Friedrich Ebert Foundation

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Group.png Friedrich Ebert Foundation  
HeadquartersBonn, North Rhine-Westphalia, Germany
InterestsSocial Democratic Party of Germany
Member ofCentre for European Policy Studies/Corporate Members, European Policy Centre, Friends of Europe

The Friedrich Ebert Foundation (German: Friedrich-Ebert-Stiftung; Abbreviation: FES) is a German political party foundation associated with, but run from other places than, the Social Democratic Party of Germany (SPD).

It was the model for the National Endowment for Democracy.[1] Throughout the sixties and seventies, the FFE devoted half of its budget to financing its international collaboration projects. In its training centers, the FES prepared the future high-ranking officials who would have to start the economic expansion of their respective countries.[2][3]


The FEF, while contributing to the establishment of a Western-style democracy in Spain, worked since the mid-sixties to promote the creation of a socialist party that could counter the supposed influence of the Communist Party (PCE) in Spain. The amounts invested by the German foundation were astronomical. According to Mujal León, they amounted for the period 1975-1980 to 20 million dollars, a large sum at the time.[1]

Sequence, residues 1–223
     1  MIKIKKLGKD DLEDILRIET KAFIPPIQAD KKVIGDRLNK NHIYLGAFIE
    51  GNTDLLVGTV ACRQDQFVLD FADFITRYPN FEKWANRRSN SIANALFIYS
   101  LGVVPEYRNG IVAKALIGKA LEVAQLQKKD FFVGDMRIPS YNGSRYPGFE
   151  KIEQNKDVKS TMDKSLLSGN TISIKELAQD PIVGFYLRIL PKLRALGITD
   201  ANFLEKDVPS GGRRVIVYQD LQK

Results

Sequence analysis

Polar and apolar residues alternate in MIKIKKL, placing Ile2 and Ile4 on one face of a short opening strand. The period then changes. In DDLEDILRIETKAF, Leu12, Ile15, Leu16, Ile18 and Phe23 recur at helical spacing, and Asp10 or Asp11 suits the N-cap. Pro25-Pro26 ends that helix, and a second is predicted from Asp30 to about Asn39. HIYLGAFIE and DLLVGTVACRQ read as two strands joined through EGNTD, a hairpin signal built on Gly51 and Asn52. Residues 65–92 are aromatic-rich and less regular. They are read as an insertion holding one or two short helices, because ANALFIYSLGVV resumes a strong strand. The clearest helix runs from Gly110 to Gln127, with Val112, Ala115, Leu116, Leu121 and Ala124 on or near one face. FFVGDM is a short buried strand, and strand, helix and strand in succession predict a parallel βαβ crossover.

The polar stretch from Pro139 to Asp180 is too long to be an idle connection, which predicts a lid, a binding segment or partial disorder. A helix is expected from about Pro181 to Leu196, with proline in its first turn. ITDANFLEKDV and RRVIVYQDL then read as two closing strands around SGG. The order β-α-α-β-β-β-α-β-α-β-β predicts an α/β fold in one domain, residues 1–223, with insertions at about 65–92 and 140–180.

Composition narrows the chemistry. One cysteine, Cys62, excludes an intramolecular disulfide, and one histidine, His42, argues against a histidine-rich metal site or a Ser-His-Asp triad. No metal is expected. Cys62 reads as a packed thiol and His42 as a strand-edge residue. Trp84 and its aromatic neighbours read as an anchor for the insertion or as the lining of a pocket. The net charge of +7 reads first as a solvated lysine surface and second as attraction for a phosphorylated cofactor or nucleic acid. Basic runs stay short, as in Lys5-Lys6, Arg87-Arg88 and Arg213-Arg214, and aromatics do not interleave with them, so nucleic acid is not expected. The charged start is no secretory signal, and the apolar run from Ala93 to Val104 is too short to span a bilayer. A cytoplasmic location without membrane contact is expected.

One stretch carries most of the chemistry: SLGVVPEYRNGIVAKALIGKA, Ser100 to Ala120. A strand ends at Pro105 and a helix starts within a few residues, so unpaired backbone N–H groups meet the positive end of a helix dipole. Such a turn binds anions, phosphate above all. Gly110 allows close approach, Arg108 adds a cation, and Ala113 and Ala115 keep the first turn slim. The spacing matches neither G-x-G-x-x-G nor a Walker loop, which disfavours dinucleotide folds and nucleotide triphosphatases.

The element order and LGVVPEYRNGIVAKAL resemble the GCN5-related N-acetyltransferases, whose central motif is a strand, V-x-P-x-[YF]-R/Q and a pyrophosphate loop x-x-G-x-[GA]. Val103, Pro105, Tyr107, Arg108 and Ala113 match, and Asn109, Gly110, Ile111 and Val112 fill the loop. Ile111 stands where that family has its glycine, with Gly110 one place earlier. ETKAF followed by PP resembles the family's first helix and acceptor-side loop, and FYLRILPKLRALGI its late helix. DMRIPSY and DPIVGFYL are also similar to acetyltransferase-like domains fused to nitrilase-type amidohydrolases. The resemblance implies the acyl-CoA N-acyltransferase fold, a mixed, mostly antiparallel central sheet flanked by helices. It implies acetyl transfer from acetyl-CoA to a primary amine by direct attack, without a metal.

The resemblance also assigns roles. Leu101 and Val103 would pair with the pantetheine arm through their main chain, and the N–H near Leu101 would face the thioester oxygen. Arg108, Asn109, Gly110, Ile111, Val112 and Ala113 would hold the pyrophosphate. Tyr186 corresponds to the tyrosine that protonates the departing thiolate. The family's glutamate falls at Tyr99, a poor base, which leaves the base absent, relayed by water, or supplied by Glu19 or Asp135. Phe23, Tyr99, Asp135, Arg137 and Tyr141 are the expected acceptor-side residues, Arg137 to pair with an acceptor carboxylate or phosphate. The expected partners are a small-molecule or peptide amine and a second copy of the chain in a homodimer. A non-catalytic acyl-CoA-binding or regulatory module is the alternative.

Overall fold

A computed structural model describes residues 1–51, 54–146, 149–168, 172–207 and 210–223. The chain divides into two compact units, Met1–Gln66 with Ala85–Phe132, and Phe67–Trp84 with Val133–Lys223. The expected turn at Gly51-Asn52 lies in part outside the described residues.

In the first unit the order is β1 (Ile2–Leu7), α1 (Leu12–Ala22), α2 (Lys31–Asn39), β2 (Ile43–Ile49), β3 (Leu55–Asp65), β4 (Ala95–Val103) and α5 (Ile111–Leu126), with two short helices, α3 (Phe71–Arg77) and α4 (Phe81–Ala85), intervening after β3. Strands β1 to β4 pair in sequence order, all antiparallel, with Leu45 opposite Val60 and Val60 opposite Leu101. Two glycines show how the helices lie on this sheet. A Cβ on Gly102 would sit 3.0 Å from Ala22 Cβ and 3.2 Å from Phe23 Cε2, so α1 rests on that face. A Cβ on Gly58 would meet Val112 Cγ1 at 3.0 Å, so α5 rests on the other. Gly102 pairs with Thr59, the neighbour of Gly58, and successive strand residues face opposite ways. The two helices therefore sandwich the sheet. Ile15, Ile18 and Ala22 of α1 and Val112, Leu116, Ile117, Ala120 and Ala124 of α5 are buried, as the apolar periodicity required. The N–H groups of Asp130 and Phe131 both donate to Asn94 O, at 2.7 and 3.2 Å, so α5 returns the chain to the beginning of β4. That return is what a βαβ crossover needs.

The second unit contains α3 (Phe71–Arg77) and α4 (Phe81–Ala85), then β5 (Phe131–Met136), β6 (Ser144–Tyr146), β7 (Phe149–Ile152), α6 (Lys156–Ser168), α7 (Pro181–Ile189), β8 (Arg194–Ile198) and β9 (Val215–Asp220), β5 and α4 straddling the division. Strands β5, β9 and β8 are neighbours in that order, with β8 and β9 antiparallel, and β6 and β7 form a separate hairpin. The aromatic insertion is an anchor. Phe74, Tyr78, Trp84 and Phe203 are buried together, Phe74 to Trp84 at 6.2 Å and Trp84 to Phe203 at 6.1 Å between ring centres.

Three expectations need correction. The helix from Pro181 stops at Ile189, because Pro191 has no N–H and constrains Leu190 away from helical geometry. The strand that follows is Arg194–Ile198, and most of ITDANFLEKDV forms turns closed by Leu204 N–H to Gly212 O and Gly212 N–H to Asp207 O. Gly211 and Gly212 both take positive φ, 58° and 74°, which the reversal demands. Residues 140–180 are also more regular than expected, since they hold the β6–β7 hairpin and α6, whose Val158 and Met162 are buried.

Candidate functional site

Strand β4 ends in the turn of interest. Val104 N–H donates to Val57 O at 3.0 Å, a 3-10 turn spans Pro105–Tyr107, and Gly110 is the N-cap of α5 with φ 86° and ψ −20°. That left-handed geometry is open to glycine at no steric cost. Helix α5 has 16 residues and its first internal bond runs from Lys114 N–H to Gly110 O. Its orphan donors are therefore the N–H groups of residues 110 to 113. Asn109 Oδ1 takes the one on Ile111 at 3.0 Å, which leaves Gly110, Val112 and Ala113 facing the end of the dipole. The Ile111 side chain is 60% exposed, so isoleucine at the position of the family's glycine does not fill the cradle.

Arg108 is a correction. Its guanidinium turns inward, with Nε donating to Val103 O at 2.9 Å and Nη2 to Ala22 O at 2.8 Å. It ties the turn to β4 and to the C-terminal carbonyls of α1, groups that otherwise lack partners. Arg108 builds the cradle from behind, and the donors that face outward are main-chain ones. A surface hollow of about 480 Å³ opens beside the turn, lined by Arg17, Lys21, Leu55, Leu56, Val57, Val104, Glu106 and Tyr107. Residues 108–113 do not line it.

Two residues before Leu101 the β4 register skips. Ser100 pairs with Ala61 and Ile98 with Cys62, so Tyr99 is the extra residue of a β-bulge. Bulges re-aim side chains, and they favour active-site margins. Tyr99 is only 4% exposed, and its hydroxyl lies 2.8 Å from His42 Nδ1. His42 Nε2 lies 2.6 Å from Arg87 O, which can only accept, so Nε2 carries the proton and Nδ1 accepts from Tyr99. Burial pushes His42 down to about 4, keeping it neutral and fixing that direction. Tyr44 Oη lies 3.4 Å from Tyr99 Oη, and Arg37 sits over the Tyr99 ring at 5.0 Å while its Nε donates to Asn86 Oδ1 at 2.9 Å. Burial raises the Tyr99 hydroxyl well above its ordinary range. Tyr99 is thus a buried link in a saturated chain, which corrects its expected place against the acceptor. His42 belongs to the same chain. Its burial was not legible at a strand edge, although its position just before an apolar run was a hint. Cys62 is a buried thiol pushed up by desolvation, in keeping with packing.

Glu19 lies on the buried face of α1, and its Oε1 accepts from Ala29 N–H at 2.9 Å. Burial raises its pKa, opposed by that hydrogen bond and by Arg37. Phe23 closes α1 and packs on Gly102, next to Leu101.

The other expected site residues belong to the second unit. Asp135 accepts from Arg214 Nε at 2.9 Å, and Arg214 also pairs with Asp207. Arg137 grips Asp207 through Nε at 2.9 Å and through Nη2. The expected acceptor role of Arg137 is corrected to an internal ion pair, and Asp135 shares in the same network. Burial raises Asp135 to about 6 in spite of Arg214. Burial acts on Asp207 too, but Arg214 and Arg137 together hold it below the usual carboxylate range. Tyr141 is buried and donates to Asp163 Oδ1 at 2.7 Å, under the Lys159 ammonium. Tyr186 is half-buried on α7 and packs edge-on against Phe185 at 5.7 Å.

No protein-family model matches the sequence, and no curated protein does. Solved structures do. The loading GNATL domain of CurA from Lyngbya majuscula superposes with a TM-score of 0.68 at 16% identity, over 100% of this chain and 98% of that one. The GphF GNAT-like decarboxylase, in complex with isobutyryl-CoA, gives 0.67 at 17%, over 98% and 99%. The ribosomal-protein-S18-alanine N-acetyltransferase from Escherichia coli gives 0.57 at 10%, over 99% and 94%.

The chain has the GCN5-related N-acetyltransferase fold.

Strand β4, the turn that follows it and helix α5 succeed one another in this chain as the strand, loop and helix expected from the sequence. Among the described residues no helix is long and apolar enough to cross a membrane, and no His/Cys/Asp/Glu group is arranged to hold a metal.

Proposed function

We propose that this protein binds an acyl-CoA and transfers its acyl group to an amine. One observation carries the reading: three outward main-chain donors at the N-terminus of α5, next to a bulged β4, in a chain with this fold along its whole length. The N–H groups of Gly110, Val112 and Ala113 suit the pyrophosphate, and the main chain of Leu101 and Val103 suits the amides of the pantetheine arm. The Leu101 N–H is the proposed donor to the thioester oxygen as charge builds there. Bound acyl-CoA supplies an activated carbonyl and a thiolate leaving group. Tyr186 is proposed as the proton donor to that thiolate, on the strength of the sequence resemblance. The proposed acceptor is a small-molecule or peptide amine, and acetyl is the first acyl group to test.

This attempt met resistance of the main staff of the Spanish Socialist Workers' Party (PSOE) in the French city of Toulouse, who soon figured out that this meant losing their independence in the political management of Spain after Franco, and also the elaboration of the ideological discourse and the consequent structures of their own party. The opposition to these designs was fought for three years, until the new leaders of the PSOE in 1972 and 1974, decided to accept and use the political and economic "advice" of the German foundation.[1]

Hans Kühn, Premier of North Rhine-Westphalia, explained the objective very explicitly: "... although the foundation congratulates the social transformations in the colonial states, it can contribute to this endeavor only indirectly by forming emigrants from these countries, who upon their return to their homeland will have to contribute to the emergence of freedom"[4]

In Portugal, the Foundation played a key role in the creation of Mário Soares' Portuguese Socialist Party, which was founded in a German town, and later came to power in Portugal.[5]

IN Latin America, the first local offices opened in 1964 in Chile, 1965 in Costa Rica and 1969 in México, and soon spread throughout the region.[6]


It is financed mainly through grants from the federal budget and the budgets of the various Bundesländer.

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